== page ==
Paul Thompson

Helen Thurlow

Adolph Treidler

Peter Underhill

Harvey P. Vaughn

Walter Vodges

C. A. Voight

Mary Heaton Vorse

Webb Waldron

J. Leeming Walker

Foster Ware

John V. A. Weaver

Luther E. Widen

Edward Arthur Wilson

Lily Winner

Robert L. Wolf

Cuthbert Wright

Zorach

Theodore F. Zucker

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THE DOOR
Location on door: front, panel 2
CONNECTIONS

Saturday Review of Literature

Biographers

Critics

FOM

Journalists

Magazine Editors

Teachers

Three Hours for Lunch Club

Walt Whitman

HENRY SEIDEL CANBY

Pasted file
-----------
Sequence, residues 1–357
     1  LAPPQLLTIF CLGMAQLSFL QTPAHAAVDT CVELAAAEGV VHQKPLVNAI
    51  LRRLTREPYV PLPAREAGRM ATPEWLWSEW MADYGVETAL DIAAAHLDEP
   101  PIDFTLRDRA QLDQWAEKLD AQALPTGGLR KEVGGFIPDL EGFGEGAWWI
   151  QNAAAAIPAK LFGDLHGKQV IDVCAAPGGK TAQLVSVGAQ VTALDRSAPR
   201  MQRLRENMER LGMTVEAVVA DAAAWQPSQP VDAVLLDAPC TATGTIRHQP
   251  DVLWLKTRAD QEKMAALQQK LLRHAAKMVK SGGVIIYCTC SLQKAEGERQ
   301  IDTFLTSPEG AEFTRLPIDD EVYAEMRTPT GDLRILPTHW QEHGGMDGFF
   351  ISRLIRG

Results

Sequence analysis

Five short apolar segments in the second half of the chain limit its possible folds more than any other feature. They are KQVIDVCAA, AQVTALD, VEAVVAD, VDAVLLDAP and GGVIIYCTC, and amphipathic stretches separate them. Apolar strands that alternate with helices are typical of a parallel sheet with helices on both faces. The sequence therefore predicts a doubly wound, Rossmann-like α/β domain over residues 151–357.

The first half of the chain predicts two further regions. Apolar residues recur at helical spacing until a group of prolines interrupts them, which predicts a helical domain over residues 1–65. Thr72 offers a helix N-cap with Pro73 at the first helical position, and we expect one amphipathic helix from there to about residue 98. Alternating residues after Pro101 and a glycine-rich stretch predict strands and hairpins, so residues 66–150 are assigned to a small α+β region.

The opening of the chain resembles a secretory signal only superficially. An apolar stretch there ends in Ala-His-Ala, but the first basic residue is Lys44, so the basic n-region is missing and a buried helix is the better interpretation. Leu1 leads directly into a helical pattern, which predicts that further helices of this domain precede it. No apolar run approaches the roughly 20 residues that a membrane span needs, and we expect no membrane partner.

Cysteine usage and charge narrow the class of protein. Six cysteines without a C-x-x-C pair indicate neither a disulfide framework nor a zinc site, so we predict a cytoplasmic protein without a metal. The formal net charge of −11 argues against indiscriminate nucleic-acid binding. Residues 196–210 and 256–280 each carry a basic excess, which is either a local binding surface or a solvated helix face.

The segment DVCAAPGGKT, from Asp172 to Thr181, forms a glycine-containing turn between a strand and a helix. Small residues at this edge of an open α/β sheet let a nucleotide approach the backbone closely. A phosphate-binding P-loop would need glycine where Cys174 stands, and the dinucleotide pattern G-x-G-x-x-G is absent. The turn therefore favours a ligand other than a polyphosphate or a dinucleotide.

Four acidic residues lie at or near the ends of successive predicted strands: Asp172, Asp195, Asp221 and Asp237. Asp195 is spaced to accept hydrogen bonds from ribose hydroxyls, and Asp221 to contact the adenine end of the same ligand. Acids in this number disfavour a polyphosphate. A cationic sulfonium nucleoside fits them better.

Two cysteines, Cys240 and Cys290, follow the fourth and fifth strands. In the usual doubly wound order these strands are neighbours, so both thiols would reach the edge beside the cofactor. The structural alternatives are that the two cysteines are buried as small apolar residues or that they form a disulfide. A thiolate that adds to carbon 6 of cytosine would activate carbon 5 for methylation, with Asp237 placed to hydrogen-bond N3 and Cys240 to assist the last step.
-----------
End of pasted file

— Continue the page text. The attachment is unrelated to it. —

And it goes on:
Henry Seidel Canby (1878-1961) was a professor, critic, and editor who exerted a great influence on popular literary tastes during the interwar period. Canby studied and taught at Yale, where he edited the Yale Review and championed American Literature as a field worthy of study. Canby left the Yale Review in 1920 and became the first editor of the Literary Review supplement of the New York Evening Post, appointing Christopher Morley, William Rose Benét, and Amy Loveman to its editorial board. In 1924 Canby and his co-editors resigned and founded the Saturday Review of Literature. Under Canby's leadership, it became the most influential literary weekly in the United States. Beginning in 1926, Canby also chaired the editorial board of the newly-launched Book-of-the-Month Club. These positions led some writers to complain that Canby exerted too much control over American reading habits; Ezra Pound once joked that his acolyte and future New Directions publisher James Laughlin should quit poetry and do something useful like assassinate Canby. Over the course of his career, Canby published more than thirty books, including anthologies, works of criticism, and biographies of Whitman and Thoreau.